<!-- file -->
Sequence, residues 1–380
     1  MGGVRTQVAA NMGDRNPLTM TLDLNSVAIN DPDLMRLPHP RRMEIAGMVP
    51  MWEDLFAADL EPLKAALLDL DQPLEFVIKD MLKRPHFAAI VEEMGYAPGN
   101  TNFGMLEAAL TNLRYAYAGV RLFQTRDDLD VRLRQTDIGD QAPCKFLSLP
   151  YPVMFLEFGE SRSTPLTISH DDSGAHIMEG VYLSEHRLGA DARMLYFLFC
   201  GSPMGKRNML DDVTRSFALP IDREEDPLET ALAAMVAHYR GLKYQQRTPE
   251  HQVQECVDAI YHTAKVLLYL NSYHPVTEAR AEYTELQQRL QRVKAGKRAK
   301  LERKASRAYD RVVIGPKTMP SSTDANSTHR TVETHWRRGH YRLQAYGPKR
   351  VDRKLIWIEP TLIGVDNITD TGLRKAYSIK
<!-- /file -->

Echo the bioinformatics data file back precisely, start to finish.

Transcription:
Sequence, residues 1–380
     1  MGGVRTQVAA NMGDRNPLTM TLDLNSVAIN DPDLMRLPHP RRMEIAGMVP
    51  MWEDLFAADL EPLKAALLDL DQPLEFVIKD MLKRPHFAAI VEEMGYAPGN
   101  TNFGMLEAAL TNLRYAYAGV RLFQTRDDLD VRLRQTDIGD QAPCKFLSLP
   151  YPVMFLEFGE SRSTPLTISH DDSGAHIMEG VYLSEHRLGA DARMLYFLFC
   201  GSPMGKRNML DDVTRSFALP IDREEDPLET ALAAMVAHYR GLKYQQRTPE
   251  HQVQECVDAI YHTAKVLLYL NSYHPVTEAR AEYTELQQRL QRVKAGKRAK
   301  LERKASRAYD RVVIGPKTMP SSTDANSTHR TVETHWRRGH YRLQAYGPKR
   351  VDRKLIWIEP TLIGVDNITD TGLRKAYSIK